Gonzalez's Monster potential ... and why we've yet to see it

April, 15, 2011
4/15/11
11:56
AM ET
Adrian Gonzalez hit chartCourtesy of HitTrackerOnline.com
After much anticipation, Adrian Gonzalez has finally had his first look at Fenway Park.

But he’s still waiting to introduce himself to the Green Monster.

Through five games, he’s managed four hits, but none was the deep fly to left that everyone envisioned.

Gonzalez’s opposite field power was an inescapable storyline when the Boston Red Sox acquired him in the offseason (and now it’ll be one for the next seven years). Here was a player who had smacked 50 opposite field home runs since 2008, the most in the majors. In fact, only Ryan Howard (48) even came close, with Joey Votto’s 36 next in line.

Of course, much of that was accomplished in the expansive surroundings of PETCO Park in San Diego. Of those 50 home runs to left, 34 came on the road.

Just imagine what the lefthanded slugger would do with the close wall at Fenway.

Rather than imagining, Greg Rybarczyk did the analysis. Rybarczyk, an engineer who runs the site HitTrackerOnline.com, looked at all of Gonzalez’s deep drives at PETCO in 2010. Taking into account the different dimensions and wall heights, he used the arc of each hit to project just what would have happened if Gonzalez played in Fenway last season (see photo above).

At PETCO in 2010, he finished with 11 home runs, a .279 batting average and .438 slugging percentage. Based on his Rybarczyk’s findings, playing at Fenway would have meant only one additional home run. However, he would have punished the left field wall for 13 additional doubles, as you can see in the above image.

Those 14 added extra-base hits would have meant a .329 batting average and .544 slugging percentage at home.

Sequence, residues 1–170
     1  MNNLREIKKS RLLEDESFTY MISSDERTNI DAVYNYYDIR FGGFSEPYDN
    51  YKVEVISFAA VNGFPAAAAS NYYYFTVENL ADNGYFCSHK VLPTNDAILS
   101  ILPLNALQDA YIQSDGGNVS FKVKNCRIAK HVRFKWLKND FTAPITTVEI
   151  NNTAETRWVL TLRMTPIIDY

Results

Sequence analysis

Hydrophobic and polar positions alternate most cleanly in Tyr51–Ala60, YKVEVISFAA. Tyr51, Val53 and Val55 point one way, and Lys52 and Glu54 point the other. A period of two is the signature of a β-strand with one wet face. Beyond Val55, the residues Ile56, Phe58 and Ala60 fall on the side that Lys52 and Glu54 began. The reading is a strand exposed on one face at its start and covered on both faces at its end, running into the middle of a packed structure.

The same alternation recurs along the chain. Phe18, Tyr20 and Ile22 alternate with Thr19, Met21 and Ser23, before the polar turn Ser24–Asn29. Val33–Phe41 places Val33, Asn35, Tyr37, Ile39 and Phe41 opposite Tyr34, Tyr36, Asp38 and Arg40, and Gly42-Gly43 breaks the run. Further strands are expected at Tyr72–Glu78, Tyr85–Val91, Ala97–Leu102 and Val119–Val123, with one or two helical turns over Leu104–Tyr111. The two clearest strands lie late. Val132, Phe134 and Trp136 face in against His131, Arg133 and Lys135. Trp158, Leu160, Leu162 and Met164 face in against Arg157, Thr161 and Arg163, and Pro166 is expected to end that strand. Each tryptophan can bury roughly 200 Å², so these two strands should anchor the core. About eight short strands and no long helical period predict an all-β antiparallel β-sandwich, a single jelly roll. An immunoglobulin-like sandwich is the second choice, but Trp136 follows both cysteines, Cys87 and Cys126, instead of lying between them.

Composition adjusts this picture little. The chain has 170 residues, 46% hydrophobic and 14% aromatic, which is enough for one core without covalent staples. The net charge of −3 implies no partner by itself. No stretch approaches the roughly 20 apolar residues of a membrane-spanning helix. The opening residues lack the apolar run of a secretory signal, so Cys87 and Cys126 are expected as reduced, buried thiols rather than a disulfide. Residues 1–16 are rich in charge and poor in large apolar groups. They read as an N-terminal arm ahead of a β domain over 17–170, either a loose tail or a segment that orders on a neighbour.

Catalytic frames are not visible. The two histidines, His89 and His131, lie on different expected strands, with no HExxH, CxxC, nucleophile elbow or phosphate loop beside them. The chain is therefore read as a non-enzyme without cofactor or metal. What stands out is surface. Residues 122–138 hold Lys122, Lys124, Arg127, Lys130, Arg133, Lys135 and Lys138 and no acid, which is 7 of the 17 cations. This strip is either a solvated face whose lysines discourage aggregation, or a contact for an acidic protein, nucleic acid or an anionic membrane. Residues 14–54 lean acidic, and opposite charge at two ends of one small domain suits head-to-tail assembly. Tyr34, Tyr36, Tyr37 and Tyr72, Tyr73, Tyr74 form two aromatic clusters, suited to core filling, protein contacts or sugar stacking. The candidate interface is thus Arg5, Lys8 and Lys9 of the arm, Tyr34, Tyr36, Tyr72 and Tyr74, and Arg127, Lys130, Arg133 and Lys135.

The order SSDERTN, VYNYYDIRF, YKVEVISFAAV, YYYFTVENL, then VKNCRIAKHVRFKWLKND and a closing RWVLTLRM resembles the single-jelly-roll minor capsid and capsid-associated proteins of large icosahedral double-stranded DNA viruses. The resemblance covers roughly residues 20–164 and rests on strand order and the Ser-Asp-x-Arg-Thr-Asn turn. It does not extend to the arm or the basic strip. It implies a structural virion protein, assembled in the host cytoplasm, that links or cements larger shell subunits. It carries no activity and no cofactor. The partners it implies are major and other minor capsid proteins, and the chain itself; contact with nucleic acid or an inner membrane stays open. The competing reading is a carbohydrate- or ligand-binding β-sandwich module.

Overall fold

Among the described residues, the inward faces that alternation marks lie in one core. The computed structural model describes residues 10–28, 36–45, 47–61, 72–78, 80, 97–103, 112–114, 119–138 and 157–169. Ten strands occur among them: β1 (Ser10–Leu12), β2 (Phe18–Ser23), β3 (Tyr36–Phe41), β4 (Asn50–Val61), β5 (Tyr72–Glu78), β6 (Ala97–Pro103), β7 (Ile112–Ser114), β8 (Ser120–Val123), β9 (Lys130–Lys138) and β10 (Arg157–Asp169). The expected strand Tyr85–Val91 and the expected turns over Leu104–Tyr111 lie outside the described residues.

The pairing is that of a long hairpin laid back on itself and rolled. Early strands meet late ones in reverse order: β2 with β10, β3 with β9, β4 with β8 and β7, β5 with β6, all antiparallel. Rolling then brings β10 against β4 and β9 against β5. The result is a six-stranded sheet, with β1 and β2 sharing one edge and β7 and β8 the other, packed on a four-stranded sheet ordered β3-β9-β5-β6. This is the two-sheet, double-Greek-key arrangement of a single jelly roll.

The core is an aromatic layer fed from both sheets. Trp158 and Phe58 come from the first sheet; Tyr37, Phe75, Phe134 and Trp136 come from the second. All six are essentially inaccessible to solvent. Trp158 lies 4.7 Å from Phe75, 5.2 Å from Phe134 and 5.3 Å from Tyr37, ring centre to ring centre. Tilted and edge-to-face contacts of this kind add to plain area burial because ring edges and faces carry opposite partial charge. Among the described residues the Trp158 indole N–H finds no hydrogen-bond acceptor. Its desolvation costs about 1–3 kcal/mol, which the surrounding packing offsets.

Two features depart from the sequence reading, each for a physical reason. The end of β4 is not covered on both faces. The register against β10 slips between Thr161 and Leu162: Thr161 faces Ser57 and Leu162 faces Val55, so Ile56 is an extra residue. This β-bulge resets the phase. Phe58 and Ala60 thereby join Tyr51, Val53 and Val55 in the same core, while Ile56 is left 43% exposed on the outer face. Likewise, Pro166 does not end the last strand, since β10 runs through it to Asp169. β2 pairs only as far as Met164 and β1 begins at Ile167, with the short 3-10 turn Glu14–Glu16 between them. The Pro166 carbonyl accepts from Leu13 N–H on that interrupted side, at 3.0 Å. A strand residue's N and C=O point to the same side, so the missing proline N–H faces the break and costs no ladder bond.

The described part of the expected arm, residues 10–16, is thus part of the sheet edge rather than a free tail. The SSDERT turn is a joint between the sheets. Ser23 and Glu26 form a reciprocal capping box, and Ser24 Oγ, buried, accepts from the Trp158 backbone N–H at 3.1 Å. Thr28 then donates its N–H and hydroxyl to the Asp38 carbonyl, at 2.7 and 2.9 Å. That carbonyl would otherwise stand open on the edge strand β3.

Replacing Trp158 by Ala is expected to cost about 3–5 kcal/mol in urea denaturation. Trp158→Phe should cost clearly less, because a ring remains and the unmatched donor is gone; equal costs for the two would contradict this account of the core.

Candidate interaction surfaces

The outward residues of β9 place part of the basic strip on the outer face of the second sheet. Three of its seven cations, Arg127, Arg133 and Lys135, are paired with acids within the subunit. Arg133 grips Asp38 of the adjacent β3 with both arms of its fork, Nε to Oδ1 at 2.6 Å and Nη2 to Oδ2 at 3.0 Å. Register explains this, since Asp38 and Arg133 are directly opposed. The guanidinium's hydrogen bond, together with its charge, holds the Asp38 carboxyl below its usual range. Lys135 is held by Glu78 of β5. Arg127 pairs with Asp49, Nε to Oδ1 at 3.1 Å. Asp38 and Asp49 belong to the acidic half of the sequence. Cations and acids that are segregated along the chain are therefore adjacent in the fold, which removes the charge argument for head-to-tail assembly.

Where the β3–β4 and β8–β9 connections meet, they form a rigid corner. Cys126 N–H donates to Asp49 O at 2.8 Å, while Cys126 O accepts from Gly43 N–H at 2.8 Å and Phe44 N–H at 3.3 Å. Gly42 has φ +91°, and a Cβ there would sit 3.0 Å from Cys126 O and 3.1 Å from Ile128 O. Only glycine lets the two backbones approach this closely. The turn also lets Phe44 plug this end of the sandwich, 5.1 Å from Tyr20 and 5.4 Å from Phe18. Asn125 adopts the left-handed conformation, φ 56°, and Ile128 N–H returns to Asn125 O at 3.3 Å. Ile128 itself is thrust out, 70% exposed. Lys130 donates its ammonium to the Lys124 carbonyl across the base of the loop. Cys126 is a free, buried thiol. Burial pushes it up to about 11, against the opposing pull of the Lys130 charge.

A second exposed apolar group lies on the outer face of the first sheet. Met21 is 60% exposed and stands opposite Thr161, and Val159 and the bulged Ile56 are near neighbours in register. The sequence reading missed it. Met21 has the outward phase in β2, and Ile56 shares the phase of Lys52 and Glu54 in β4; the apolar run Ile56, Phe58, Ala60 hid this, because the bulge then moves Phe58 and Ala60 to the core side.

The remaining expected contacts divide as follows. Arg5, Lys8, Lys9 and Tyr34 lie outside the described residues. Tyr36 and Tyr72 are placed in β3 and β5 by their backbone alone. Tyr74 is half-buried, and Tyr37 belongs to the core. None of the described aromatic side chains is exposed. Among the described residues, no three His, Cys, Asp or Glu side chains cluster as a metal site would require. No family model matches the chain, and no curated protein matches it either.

Of course, his opposite field prowess is hardly a secret, particularly to opposing teams.

Last season, Gonzalez had a 81.3 fly ball percentage when hitting the opposite way compared to 39.4 percent when pulling the ball. In other words, when he pulls the ball, it is often on the ground. That’s why you still see a significant shift against Gonzalez even though he’s known as an opposite field hitter.

Two of his four hits at home thus far have been hitting against that shift.

But what we haven’t seen is that opposite field fly.

A big reason why is that he’s being pitched differently at Fenway. Looking to prevent him from going to the opposite field, 57.8 percent of the pitches thrown to Gonzalez by the Rays and Yankees were inside. Only 22.9 percent were outside (See right side of photo below).

During Boston's season-opening road trip, there wasn’t the Green Monster to worry about, so those percentages nearly flipped around: 28.2 percent inside; 44.4 percent outside (see left side of photo below).

Last season, Gonzalez hit 13 opposite field home runs. Not a single one was on an inside pitch.

Expect to see a lot more of those when Gonzalez hits at Fenway.

Jeremy Lundblad

ESPN Stats and Information

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